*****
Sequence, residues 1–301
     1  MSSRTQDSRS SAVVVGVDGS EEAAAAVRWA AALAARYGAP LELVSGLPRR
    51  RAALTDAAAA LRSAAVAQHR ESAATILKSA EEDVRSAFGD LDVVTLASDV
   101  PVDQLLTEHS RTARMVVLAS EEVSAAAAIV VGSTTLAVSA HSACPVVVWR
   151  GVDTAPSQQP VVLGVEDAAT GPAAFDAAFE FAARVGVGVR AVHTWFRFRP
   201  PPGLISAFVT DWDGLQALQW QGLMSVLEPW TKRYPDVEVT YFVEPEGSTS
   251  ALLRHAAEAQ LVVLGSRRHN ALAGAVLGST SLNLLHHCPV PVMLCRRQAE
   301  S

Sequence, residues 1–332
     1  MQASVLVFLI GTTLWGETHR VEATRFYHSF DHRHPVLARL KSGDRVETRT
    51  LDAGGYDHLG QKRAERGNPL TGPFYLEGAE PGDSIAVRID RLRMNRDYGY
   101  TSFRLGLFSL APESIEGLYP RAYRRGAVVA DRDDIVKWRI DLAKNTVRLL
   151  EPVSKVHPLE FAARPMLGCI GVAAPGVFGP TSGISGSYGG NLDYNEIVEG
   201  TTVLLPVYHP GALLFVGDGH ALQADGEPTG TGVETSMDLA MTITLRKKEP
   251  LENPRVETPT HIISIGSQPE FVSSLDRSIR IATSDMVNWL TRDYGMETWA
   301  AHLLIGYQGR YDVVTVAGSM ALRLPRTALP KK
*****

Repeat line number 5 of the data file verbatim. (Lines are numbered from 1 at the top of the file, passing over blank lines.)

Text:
   151  GVDTAPSQQP VVLGVEDAAT GPAAFDAAFE FAARVGVGVR AVHTWFRFRP